@Play: Which Is Better, Ring Mail or Splint Mail?

@Play‘ is a frequently-appearing column which discusses the history, present, and future of the roguelike dungeon exploring genre.

Gary Gygax was a weird person. I won’t get into his life or history or, the casual misogyny of AD&D character creation, or the Random Harlot Table. But he did know a lot about medieval weaponry and armor, and to some degree this obsessive interest seeped out and infected a whole generation of nerds.

How useful is this armor in protecting someone? Five. It is five useful. (Image from National Museum in Krakow)

I know which is generally better: leather armor, studded leather armor, ring mail, chain mail, splint mail, plate mail or plate armor. I know that, although in life each is different, battles are random, and there’s countless factors that might determine who would win in a fight, the order in which I have given them is roughly how effective they are, because it’s the order that Armor Class increases, sorry decreases, in classic Dungeons & Dragons.

While the list of armors is presented, in practically every Player’s Handbook, with their effects on protection right there in order, unless you’re steeped in the material, it is not obvious, just from reading the names of the items, which is supposed to be better than another.

Splint Mail was rare in Europe during the medieval period. It’s also really hard to Google Image Search for without ending up with pictures taken from D&D material!(Image from Wikipedia)

This is a considerable roadblock, and one I struggled with for a while, when I first tried to learn to play Rogue, because that game expects you to know how effective each piece of armor is. You start out with Ring Mail +1. You find a suit of Splint Mail. Should you switch? People who play nearly any classic roguelike are going to run against this eventually. Even now, some games just expect you to know the relative strengths of each.

If you decide to take the chance and try it on, to Rogue’s (and Nethack’s) credit, it tells you immediately how effective the armor is on the status line, and you can compare its value to your past item. To Rogue’s (and Nethack’s) detriment though, if the new armor is cursed, you’re stuck with it, until you can lift the curse (to a new player, unlikely) or die (very likely). And then, unless you’ve been taking notes, you’ll still probably forget the relationship between the two items, meaning you’ll have to guess their relative value again later, and deal with the same risk.

Classic D&D tended to give short shrift to the intricacies of real-life armor use, simplifying a complex topic beyond perhaps what was appropriate. AD&D attempted to remedy that by going overboard, giving each armor ratings according to its bulkiness, how much of the wearer’s body it covered, how much it weighed and how it restricted movement. Gygax’s tendency towards simulation is responsible for some of the most interesting parts of the game, but it didn’t help him here I think.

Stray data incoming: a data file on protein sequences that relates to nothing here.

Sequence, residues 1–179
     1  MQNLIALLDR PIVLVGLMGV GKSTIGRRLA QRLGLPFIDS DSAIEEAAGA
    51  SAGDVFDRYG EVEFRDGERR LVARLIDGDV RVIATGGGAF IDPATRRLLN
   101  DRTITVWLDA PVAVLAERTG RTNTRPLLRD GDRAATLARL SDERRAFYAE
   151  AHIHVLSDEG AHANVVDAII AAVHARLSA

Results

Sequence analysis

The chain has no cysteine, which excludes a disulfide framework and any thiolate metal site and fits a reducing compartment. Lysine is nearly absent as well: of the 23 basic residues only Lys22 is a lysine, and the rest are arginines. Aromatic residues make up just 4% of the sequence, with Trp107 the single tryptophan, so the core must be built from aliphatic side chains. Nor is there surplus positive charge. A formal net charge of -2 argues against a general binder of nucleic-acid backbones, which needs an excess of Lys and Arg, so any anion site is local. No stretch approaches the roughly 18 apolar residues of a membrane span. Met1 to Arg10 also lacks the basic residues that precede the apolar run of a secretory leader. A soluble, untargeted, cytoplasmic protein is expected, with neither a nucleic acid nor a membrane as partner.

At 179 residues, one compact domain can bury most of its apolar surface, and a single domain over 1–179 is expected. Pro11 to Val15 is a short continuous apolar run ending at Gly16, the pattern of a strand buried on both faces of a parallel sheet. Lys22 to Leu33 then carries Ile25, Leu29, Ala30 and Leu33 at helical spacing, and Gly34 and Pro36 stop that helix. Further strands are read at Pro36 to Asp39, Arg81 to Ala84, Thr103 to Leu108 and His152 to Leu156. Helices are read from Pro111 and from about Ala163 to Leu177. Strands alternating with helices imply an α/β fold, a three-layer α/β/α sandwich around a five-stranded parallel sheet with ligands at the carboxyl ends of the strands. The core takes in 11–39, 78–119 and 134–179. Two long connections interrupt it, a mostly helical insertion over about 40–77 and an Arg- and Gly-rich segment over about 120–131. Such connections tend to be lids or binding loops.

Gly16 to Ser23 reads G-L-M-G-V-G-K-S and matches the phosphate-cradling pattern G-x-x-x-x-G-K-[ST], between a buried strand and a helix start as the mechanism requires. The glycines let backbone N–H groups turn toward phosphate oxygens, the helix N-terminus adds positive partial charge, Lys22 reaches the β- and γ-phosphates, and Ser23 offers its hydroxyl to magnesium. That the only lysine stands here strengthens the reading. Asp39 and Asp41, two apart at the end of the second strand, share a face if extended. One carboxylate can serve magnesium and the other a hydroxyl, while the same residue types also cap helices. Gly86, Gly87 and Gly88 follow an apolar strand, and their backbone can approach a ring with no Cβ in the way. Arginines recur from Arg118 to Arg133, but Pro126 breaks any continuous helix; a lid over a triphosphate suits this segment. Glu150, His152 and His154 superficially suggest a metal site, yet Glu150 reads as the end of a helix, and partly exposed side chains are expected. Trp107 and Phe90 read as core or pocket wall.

Most classic roguelikes, at least, use the “bag of Armor Class” approach to armor, which is probably for the best. Nethack probably goes to far in the Gygaxian direction. If you find Plate Mail in Nethack, you’re almost entirely better off just leaving it on the ground, even despite armor’s huge value, because it’s simply too heavy. Even if you can carry it without dipping into Burdened status, or, heaven help you, Stressed, its mass and bulk lowers the number of other items you can carry before you reach Stressed, and carrying many other items is of great importance. This is the secret reason that the various colors of Dragon Scale Mail are so powerful in Nethack: it’s not that they have the highest best AC in the game (though they do), it’s that they’re also really light! Even if you don’t get the color you want, it takes concern about the weight of armor completely off your list of worries.

The use of armor underwent revision throughout D&D’s development. (This page lists the changes in detail.) For reference, the relative quality of D&D, and thus roguelike, armor goes like this.

NameNew-Style Ascending Armor ClassOld-Style Descending Armor Class
Leather Armor28
Studded Leather & Ring Mail37
Scale Mail46
Chain Mail55
Splint Mail & Banded Mail64
Plate Mail73
Plate Armor82

Why the difference in values? Up until the 3rd edition of D&D, Armor Class started at 10 and counted down as it improved. 3E updated a lot of the game’s math, and changed the combat formula so that AC was a bonus to the defender’s chance to be missed instead of a penalty to the attacker’s chance to strike. Because of that, now it starts at 10 and counts up. The changeover was a whole to-do, I assure you, but now two editions later we barely look back. Back in that day others were confused by the system too, and even Rogue used an ascending armor score. But Nethack, to this day, uses original D&D’s decreasing armor class system.

If you compare those values to those used in 5th Edition, you’ll notice that even the new-style numbers don’t match up completely. As I said, while the relative strengths have remained consistent, if not constant, the numbers continue to change slightly between versions.

That concludes this introductory level class. You’re dismissed! If you’re looking into the relative effects of different polearms… that’s the graduate-level seminar, down the hall.